A Thousand Words

Movie review by
Sandie Angulo Chen, Common Sense Media
A Thousand Words Movie Poster Image
Disappointing comedy about self-reflection has sexy stuff.
  • PG-13
  • 2012
  • 91 minutes

Parents say

age 17+
Based on 7 reviews

Kids say

age 12+
Based on 21 reviews

A lot or a little?

The parents' guide to what's in this movie.

Positive Messages

A Thousand Words' basic messages are that people should think before they speak and not spout so many meaningless lies. As in most family dramas, the main character learns that he needs to be there for his son, unlike his own father. He also realizes that his job should come second to his family's needs. The benefits of being quiet and observing are also promoted.

Positive Role Models & Representations

Caroline is a wonderful mother and a generous wife who tries to work at her marriage and communicating with her husband. Jack goes from being a terrible role model to someone who's discovered the importance of self reflection, thinking before he speaks, and making every word count. He also realizes that he needs to be a role model to his son, even though his own father wasn't there for him.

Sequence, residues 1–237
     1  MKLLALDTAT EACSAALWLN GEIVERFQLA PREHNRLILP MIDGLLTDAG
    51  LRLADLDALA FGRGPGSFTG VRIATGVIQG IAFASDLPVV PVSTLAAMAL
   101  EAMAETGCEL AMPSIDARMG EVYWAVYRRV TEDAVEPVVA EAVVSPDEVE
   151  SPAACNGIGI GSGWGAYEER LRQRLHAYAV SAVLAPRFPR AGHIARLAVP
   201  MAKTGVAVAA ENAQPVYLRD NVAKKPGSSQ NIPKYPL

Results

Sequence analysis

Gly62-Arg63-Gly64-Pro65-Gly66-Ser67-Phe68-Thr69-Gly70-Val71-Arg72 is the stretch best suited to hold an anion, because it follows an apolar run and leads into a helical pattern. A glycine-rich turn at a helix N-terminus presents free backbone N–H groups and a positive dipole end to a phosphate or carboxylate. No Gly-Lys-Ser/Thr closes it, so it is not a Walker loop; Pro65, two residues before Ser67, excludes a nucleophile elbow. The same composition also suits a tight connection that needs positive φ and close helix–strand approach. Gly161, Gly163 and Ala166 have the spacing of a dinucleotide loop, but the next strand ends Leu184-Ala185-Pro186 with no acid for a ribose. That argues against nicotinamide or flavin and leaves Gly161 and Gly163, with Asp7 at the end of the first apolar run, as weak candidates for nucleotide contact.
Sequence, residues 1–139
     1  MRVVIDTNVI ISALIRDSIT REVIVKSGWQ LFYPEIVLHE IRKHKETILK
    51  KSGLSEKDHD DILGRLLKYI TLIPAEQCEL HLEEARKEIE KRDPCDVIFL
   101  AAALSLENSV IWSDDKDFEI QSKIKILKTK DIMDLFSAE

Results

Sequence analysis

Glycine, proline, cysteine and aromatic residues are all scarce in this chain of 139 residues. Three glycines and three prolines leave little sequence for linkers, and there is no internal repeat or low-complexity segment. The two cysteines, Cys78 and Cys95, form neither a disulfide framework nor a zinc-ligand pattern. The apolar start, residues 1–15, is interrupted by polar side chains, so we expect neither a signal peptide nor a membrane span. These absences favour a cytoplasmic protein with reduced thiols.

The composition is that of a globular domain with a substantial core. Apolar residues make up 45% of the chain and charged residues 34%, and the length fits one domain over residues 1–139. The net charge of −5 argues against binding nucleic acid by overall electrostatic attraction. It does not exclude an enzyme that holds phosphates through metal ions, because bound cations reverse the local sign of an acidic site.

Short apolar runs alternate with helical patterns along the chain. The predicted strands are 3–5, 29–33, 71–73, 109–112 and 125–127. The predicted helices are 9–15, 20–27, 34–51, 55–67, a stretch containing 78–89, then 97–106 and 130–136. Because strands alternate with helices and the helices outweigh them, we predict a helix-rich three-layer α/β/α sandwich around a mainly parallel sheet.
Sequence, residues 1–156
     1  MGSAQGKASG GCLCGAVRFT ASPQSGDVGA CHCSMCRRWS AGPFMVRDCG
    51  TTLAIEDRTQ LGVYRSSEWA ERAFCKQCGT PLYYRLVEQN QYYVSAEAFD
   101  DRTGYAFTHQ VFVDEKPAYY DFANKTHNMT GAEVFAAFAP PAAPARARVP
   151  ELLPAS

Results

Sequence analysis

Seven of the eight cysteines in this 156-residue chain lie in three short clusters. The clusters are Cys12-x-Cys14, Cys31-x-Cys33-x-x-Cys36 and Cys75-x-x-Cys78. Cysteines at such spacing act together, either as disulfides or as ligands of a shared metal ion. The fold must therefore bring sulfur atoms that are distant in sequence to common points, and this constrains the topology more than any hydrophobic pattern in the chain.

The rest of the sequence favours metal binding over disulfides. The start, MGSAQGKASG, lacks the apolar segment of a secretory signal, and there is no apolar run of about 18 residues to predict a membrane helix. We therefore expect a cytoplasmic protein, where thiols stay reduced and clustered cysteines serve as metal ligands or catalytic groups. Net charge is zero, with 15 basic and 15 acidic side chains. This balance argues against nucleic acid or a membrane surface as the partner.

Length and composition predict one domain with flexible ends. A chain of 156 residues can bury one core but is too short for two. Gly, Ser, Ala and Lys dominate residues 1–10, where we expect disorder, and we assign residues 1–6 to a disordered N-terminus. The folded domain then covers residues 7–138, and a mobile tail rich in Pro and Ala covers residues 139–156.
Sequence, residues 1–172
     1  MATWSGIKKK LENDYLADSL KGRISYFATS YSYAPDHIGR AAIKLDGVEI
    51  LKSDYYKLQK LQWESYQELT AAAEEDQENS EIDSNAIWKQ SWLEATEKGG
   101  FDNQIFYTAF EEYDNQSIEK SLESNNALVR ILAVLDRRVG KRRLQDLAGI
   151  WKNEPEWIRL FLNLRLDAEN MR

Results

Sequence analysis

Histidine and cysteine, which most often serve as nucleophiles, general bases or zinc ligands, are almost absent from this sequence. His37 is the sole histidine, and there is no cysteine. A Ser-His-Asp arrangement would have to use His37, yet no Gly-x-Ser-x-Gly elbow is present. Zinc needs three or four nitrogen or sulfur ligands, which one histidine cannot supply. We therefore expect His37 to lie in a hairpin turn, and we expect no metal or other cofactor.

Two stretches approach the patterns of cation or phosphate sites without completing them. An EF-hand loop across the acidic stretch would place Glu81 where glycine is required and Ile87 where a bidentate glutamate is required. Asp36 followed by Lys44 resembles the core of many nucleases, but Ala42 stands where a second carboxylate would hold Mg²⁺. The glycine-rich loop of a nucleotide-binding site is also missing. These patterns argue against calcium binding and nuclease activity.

Violence

No overt violence, but lots of physical comedy, plus a moment in which Jack looks like he has died. Jack playfully slaps Aaron, and later Aaron tackles and pushes Jack to get him to be quiet.

Sex

One extended scene of humorous foreplay featuring Caroline in a dominatrix-style outfit. She handcuffs her husband (who's wearing only his boxers) and demands that he "talk dirty" and "naughty" to her. She makes suggestive comments about all she will "do" if he asks her. Throughout the movie, she wears sexy outfits and a cleavage-baring negligee. Caroline and a friend discuss whether her husband is "getting some" and "getting ass." Aaron makes comments about his "sexual hunger" for a furry fetish he and another assistant have indulged in at the office.

Language

The words "s--t," "bulls--t," and "ass" are used frequently. Other language includes "damn," "d--k," "goddamn," "crap," "hell," "pecker," "oh my God," and the Spanish word "cojones."

Consumerism